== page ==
|Year : 2021 | Volume
| Issue : 4 | Page : 395-398
Correlation between intraoperative mapping and monitoring and functional outcomes following supratentorial glioma surgery
Han-Lin Wu1, Po-Cheng Hsu2, Sanford P C Hsu3, Chun-Fu Lin3, Kwong-Kum Liao3, Kai-Ming Yang1, Chen-Liang Chou1, Tsui-Fen Yang1
1 Department of Physical Medicine and Rehabilitation, Taipei Veterans General Hospital, Taipei, Taiwan
2 Department of Physical Medicine and Rehabilitation, National Taiwan University Hospital, Bei-Hu Branch, Taipei, Taiwan
3 Department of Neurosurgery, The Neurological Institute, Taipei Veterans General Hospital, Taipei, Taiwan
|Date of Submission||30-Oct-2020|
|Date of Decision||08-Dec-2020|
|Date of Acceptance||08-Jan-2021|
|Date of Web Publication||05-Apr-2021|
Department of Physical Medicine and Rehabilitation, Taipei Veterans General Hospital, 201, Section 2, Shipai Road, Beitou District, Taipei
Source of Support: None, Conflict of Interest: None
Objectives: Intraoperative neurophysiological monitoring (IONM) has long been regarded as the “gold standard” when resecting a supratentorial glioma, as it facilitates the goals of maximal tumor resection and preservation of sensorimotor function. The purpose of the present study was to evaluate the ability of motor evoked potentials (MEPs) monitoring or subcortical mapping (SCM), alone or in combination, to predict postoperative functional outcomes in glioma surgery. Materials and Methods: We retrospectively reviewed patients with supratentorial glioma that underwent craniotomy for tumor removal with IONM. Statistical analyses were used to evaluate whether the following criteria correlated with postoperative functional outcomes: Reduced amplitude (>50% reduction) or disappearance of MEPs (criterion 1), SCM with a stimulation intensity threshold less than 3 mA (criterion 2), the presence of both two phenomena (criterion 3), or either one of the two phenomena (criterion 4). Results: Ninety-two patients were included in this study, of whom 15 sustained new postoperative deficits, 4 experienced improved functional status, and 73 were unchanged. Postoperative functional status correlated significantly with all four criteria, and especially with criterion 3 (r = 0.647, P = 0.000). Sensitivity of IONM was better if using criteria 2 and 4, but specificity was better if using criteria 1 and 3. Criterion 3 had the most favorable overall results. Conclusion: Using statistical methodology, our study indicates that concomitant interpretation of MEPs and SCM is the most accurate predictor of functional outcomes following supratentorial glioma surgery. However, accurate interpretations of the monitoring results by experienced neurophysiologists are essential.
Keywords: Functional outcome, Intraoperative neurophysiological monitoring, Motor evoked potentials, Subcortical mapping
|How to cite this article:|
Wu HL, Hsu PC, Hsu SP, Lin CF, Liao KK, Yang KM, Chou CL, Yang TF. Correlation between intraoperative mapping and monitoring and functional outcomes following supratentorial glioma surgery. Tzu Chi Med J 2021;33:395-8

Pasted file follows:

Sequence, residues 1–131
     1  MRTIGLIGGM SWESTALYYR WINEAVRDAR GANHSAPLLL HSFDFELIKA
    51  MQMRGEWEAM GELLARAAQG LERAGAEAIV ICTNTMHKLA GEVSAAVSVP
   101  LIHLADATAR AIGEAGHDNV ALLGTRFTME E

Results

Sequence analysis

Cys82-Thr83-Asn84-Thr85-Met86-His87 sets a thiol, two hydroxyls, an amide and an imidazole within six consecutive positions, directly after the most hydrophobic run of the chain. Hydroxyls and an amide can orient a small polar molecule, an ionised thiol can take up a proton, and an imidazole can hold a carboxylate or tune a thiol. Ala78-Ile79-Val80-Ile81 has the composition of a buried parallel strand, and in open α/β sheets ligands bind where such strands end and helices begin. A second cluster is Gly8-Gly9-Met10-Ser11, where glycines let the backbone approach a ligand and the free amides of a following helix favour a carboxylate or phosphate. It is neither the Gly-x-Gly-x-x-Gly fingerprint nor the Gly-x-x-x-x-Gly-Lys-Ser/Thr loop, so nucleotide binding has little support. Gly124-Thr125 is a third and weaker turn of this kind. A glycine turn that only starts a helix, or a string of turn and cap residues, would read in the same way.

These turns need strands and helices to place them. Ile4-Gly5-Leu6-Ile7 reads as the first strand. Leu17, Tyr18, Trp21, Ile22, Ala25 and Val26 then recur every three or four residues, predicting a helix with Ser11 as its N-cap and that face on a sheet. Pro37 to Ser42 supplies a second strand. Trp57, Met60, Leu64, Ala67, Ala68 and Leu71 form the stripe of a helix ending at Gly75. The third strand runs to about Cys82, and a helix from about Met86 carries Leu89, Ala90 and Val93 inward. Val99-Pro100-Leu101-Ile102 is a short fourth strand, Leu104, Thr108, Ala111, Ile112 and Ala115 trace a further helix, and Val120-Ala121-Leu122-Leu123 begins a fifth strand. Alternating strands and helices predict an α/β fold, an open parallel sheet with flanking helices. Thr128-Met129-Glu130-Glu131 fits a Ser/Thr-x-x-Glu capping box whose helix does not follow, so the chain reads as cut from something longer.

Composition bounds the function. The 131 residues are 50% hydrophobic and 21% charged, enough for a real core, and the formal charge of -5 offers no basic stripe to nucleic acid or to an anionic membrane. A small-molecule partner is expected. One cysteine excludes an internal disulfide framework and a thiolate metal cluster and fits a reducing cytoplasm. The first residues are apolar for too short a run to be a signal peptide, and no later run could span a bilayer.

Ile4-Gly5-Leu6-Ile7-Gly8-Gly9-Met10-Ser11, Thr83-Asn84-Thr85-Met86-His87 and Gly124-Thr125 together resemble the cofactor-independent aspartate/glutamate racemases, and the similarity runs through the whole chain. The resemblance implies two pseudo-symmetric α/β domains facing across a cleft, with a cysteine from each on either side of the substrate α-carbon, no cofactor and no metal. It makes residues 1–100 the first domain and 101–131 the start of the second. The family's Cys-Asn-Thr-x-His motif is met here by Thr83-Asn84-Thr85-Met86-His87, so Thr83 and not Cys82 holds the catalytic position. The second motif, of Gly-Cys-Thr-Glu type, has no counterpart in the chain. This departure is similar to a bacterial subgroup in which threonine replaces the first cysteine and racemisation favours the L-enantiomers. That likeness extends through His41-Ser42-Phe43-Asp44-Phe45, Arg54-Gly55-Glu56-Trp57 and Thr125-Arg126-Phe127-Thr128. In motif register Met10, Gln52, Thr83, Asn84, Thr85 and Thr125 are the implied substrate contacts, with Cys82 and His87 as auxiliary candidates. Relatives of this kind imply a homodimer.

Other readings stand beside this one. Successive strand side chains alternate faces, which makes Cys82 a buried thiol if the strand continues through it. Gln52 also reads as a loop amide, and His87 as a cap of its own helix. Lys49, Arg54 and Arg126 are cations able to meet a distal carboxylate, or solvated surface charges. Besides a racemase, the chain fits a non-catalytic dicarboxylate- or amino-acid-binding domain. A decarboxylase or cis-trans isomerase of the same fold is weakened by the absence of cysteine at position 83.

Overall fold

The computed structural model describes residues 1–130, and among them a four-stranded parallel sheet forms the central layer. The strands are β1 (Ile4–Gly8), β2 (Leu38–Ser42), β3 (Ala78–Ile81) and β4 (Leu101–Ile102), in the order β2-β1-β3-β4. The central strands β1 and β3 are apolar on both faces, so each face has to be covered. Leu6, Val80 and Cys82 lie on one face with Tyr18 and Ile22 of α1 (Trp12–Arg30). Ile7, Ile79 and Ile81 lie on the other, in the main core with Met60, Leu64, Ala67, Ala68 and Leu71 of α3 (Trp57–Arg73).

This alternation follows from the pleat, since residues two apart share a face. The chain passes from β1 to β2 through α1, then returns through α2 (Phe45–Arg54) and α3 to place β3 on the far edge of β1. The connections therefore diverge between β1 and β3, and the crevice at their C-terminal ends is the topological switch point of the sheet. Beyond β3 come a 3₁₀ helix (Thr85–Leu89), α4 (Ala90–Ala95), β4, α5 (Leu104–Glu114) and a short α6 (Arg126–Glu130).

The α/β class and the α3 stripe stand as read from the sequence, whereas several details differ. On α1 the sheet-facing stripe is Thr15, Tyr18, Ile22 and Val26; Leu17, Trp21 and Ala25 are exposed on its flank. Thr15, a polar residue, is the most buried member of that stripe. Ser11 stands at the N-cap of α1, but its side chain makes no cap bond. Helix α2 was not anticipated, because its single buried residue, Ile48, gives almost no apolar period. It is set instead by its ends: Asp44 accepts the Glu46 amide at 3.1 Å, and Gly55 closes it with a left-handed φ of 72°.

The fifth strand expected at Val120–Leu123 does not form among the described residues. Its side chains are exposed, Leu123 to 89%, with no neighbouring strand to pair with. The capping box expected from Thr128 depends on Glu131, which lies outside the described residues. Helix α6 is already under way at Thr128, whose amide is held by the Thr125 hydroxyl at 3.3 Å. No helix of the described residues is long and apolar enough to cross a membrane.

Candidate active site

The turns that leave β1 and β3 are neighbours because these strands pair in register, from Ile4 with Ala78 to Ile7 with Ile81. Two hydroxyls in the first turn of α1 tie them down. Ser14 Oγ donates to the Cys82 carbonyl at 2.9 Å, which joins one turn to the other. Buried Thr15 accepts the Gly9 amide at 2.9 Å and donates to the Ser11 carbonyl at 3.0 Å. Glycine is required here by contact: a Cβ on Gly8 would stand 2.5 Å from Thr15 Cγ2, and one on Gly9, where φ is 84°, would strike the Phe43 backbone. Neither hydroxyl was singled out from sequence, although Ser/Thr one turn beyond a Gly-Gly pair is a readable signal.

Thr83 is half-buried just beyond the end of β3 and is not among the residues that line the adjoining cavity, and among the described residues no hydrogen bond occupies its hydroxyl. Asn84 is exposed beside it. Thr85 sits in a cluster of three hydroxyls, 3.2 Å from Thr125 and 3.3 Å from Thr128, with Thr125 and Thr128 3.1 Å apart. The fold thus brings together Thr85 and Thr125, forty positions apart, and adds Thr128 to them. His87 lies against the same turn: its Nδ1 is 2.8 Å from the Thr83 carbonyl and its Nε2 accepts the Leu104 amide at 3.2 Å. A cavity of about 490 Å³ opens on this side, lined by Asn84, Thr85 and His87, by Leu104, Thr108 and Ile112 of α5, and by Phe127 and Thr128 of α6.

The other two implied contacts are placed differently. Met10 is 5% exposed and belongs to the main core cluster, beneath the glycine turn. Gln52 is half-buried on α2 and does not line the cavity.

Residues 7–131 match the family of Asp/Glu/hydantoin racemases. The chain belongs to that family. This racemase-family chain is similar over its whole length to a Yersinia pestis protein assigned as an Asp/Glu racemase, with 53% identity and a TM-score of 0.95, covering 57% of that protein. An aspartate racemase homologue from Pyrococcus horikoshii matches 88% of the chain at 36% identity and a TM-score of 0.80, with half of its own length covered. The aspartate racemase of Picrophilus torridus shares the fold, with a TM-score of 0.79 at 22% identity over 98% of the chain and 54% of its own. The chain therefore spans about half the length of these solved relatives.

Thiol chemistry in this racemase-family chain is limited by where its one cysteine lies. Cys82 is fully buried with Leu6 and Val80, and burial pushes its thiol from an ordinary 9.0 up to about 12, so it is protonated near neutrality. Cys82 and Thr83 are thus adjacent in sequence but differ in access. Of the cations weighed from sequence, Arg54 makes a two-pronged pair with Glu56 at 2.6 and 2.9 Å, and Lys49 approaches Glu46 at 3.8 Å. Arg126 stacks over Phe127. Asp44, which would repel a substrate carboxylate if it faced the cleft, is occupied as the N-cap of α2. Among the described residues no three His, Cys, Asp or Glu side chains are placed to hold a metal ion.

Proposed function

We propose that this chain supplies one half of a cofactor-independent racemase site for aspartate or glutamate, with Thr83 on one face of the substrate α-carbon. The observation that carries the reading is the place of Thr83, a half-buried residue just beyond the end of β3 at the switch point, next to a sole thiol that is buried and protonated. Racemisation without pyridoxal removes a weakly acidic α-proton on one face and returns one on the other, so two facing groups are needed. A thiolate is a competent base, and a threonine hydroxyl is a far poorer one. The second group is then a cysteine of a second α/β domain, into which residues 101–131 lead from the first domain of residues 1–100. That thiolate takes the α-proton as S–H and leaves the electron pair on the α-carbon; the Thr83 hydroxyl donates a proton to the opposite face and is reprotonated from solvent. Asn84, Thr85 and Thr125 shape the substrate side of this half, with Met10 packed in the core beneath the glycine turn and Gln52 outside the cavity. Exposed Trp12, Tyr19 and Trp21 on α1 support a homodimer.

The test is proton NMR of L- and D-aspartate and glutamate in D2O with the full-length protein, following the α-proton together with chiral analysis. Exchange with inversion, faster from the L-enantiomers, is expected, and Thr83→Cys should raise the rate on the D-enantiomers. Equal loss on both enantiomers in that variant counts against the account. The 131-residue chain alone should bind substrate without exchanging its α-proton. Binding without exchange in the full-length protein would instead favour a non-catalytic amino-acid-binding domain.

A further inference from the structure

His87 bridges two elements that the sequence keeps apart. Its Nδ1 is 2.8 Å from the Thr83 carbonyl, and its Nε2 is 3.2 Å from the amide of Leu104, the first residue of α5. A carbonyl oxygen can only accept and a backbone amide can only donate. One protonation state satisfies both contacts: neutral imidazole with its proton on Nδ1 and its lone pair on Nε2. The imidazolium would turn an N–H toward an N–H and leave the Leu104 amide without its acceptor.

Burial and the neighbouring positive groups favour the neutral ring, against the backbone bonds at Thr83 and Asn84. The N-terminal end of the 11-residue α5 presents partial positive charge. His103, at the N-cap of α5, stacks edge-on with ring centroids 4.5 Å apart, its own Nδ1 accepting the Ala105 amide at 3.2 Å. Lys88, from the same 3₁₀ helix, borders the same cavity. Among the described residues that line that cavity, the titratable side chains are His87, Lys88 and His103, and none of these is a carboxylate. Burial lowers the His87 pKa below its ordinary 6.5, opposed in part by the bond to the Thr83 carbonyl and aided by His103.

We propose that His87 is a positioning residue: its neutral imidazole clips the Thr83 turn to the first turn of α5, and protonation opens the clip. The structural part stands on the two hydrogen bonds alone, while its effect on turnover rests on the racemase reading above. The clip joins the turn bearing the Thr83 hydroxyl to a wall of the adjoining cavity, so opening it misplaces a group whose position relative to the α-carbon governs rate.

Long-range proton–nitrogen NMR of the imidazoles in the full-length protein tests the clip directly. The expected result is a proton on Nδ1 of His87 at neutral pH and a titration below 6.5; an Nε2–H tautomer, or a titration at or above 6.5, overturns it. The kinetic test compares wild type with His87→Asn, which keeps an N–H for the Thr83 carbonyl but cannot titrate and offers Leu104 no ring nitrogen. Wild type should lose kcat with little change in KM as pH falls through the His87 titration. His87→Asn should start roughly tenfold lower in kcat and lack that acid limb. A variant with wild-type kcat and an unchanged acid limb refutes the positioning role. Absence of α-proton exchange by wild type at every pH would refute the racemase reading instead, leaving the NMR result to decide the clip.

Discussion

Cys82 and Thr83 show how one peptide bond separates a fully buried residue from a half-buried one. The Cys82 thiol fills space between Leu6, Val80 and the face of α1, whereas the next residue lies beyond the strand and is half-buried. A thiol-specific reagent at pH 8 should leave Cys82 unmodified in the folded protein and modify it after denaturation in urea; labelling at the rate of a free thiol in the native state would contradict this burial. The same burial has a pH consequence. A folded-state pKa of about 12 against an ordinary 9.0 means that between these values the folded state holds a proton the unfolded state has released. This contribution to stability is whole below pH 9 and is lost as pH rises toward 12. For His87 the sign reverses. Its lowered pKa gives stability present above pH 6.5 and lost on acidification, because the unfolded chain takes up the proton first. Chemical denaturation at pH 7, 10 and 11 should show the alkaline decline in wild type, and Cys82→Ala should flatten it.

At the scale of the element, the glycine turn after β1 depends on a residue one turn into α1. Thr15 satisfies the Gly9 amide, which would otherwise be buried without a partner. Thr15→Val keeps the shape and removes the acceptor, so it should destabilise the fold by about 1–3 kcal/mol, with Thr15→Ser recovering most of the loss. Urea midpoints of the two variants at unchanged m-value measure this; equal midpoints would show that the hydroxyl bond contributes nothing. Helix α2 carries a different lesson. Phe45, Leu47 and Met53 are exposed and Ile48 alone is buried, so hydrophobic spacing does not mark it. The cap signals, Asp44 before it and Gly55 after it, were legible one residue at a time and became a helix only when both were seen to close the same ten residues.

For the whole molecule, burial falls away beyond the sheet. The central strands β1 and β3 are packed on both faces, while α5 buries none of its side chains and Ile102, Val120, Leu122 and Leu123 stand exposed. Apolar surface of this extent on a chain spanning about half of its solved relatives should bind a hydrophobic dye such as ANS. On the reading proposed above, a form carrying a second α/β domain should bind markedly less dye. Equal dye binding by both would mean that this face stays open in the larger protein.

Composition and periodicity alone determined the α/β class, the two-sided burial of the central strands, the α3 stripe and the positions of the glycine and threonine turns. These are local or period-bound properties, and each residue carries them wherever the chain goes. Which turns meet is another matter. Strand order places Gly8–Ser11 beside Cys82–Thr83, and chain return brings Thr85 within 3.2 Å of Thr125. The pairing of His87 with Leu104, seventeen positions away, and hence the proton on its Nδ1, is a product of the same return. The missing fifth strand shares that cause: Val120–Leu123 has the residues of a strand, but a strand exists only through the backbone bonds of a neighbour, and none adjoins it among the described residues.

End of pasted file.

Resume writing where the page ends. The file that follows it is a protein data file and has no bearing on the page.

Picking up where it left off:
|How to cite this URL:|
Wu HL, Hsu PC, Hsu SP, Lin CF, Liao KK, Yang KM, Chou CL, Yang TF. Correlation between intraoperative mapping and monitoring and functional outcomes following supratentorial glioma surgery. Tzu Chi Med J [serial online] 2021 [cited 2021 Oct 22];33:395-8. Available from: https://www.tcmjmed.com/text.asp?2021/33/4/395/313009
| Introduction|| |
Supratentorial brain tumors are a principal cause of major morbidity and mortality worldwide. Glioma is the most common pathological type of supratentorial brain tumor and is broadly divided into low-grade (World Health Organization [WHO] grade II) and high-grade (WHO grades III-IV). Low-grade gliomas have a strong propensity to malignant transformation and local spread along white matter tracts, despite their slow-growing nature. Due to ongoing advancements in the field, the treatment of gliomas has experienced a paradigm shift towards a more active approach to management. Both long-term oncologic and functional outcomes are positively correlated with the extent of resection (EOR). Given the tendency of gliomas to develop and progress near eloquent brain structures, intraoperative neurophysiological monitoring (IONM) and mapping techniques are important to reduce the risk of injury to neurologically vital areas; this is particularly true given the current trend to pursue more aggressive treatments for this population group,,,. Maximal safe resection according to functional boundaries, guided by IONM, is now the standard treatment for low- and high-grade gliomas involving eloquent areas.
There are two major intraoperative neurophysiological techniques for assessing motor function and safety of resection: Motor-evoked potentials (MEP), obtained with transcranial or direct cortical stimulation (TCS or DCS, respectively), and subcortical mapping (SCM), which determines the distance between the stimulation point and the corticospinal tract (CST). It is widely accepted that there is a linear relationship of 1 mA per 1 mm of brain tissue, i.e., the distance between the current resection cavity and the CST in millimeters is roughly the same as the subcortical stimulation intensity threshold (in milliamperes) to elicit a motor response,. Typically, cessation of the surgical resection is suggested when an intensity threshold is <3 mA using a monopolar stimulation probe. During MEP monitoring, most recognize an amplitude drop of 50% or more as an important indicator of potential damage to the motor pathway. These two widely used approaches can be complementary and be used together.